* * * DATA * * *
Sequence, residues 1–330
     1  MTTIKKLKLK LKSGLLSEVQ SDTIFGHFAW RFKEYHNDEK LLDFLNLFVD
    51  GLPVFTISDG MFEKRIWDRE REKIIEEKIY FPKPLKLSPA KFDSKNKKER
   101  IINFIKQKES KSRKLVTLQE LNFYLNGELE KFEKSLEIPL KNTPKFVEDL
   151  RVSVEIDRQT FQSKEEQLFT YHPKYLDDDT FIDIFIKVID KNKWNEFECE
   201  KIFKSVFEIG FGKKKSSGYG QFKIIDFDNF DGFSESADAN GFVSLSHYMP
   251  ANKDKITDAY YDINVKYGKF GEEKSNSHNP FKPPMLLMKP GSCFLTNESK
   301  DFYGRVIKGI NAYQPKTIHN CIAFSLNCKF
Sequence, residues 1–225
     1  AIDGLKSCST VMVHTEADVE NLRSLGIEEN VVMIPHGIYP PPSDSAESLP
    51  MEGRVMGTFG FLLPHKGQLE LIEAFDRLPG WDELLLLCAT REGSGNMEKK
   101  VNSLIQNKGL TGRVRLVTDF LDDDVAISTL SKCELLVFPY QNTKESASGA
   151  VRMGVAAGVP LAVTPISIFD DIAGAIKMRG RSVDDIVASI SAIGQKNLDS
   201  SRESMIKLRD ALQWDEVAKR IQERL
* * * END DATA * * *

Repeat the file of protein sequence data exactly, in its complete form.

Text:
Sequence, residues 1–330
     1  MTTIKKLKLK LKSGLLSEVQ SDTIFGHFAW RFKEYHNDEK LLDFLNLFVD
    51  GLPVFTISDG MFEKRIWDRE REKIIEEKIY FPKPLKLSPA KFDSKNKKER
   101  IINFIKQKES KSRKLVTLQE LNFYLNGELE KFEKSLEIPL KNTPKFVEDL
   151  RVSVEIDRQT FQSKEEQLFT YHPKYLDDDT FIDIFIKVID KNKWNEFECE
   201  KIFKSVFEIG FGKKKSSGYG QFKIIDFDNF DGFSESADAN GFVSLSHYMP
   251  ANKDKITDAY YDINVKYGKF GEEKSNSHNP FKPPMLLMKP GSCFLTNESK
   301  DFYGRVIKGI NAYQPKTIHN CIAFSLNCKF
Sequence, residues 1–225
     1  AIDGLKSCST VMVHTEADVE NLRSLGIEEN VVMIPHGIYP PPSDSAESLP
    51  MEGRVMGTFG FLLPHKGQLE LIEAFDRLPG WDELLLLCAT REGSGNMEKK
   101  VNSLIQNKGL TGRVRLVTDF LDDDVAISTL SKCELLVFPY QNTKESASGA
   151  VRMGVAAGVP LAVTPISIFD DIAGAIKMRG RSVDDIVASI SAIGQKNLDS
   201  SRESMIKLRD ALQWDEVAKR IQERL